Tuesday, February 14, 2012 Posted by Dina N
We brought Tommy home when he was just 45 days old. He was a sweet, adorable mutt with soft beige fur and a big heart. I was staying with my mom over winter break, and I took care of Tommy during the day – with a mop in one hand and a book in the other. At night, my mom had to take the puppy with her in bed because he would not stop crying for his canine family.
Tommy was a playful and happy dog until he got sick. He started coughing, especially after running around or playing. The vet told us Tommy had heartworm. I had no idea what that was – I thought maybe it was some kind of a doggy heart defect. It turned out heartworm was a parasitic roundworm spread from host to host through the bites of mosquitoes. Until then, I did not even know mosquitoes would bite dogs. Usually, I am the preferred dish for those pesky insects. Heartworm damages the lungs, and dogs show no symptoms of infection during the 6-month-long prepatent period before the worms mature.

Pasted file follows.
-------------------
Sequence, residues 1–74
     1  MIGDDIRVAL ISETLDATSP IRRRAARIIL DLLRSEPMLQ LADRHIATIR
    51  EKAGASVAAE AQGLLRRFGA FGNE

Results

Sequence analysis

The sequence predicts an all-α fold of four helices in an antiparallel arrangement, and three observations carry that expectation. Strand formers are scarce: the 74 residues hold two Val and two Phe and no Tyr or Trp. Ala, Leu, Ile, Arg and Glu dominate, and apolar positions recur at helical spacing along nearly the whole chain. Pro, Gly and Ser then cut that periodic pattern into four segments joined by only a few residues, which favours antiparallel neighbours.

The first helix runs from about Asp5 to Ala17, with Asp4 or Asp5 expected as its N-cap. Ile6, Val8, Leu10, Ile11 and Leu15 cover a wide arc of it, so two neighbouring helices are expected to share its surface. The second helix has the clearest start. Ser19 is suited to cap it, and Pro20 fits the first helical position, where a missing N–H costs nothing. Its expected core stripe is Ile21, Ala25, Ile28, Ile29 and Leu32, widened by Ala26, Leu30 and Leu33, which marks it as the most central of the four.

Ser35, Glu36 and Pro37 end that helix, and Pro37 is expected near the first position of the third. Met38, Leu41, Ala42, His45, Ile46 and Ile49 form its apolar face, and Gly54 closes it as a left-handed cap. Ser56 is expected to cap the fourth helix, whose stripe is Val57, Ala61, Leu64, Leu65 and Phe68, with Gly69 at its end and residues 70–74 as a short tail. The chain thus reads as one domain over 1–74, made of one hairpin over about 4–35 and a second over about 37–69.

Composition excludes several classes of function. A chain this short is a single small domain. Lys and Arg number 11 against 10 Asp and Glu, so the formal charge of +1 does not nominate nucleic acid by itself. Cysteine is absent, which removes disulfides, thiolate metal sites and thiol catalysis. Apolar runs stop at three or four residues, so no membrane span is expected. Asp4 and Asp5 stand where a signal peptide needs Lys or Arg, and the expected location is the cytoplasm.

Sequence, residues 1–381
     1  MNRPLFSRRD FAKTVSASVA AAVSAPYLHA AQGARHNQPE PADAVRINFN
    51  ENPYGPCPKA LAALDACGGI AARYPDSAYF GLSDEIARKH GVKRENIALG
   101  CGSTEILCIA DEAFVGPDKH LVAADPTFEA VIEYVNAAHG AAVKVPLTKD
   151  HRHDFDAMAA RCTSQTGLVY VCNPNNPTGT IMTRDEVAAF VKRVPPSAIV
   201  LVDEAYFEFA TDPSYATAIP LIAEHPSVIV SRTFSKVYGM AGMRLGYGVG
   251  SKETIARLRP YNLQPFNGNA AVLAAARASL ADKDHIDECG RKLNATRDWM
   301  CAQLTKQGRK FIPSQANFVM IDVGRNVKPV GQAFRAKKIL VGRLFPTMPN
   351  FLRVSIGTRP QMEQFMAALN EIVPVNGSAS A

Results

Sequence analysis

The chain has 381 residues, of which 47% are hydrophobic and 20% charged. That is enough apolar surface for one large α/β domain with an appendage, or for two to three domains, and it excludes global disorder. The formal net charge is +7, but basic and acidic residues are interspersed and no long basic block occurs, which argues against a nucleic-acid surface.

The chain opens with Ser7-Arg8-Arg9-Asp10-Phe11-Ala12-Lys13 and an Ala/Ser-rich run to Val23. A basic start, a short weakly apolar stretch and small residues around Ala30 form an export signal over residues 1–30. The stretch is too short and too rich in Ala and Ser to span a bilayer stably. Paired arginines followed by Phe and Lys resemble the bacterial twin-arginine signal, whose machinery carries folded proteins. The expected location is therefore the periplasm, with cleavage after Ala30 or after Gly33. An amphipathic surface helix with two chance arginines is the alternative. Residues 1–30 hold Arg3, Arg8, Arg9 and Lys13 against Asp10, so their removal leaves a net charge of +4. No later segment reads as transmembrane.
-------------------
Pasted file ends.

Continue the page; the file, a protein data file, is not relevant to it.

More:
Before the worms could be treated, the vet checked Tommy’s heart, liver, and kidneys. Then he proceeded to kill the adult worms with an arsenic-based substance. That sounded quite risky to me, and my mom was terribly worried. Luckily, her four-legged companion tolerated the treatment with no side effects. The vet told us Tommy had to rest for a few weeks afterwards so his body could absorb the dead worms.
We survived the ordeal but just barely. If you have a dog, you probably know that the best thing to do is to focus on preventing heartworm. Heartgard for dogs is a prescription medication that helps prevent canine heartworm disease. It also kills hookworms, roundworms, and other parasites.
If you need more information on heartworm in dogs, check out the website of the American Heartworm Society.
Disclosure / Disclaimer: This post was brought to you by our friendly advertisers. Photo credit vrkm2003 on Photobucket. The opinions and experiences are all mine.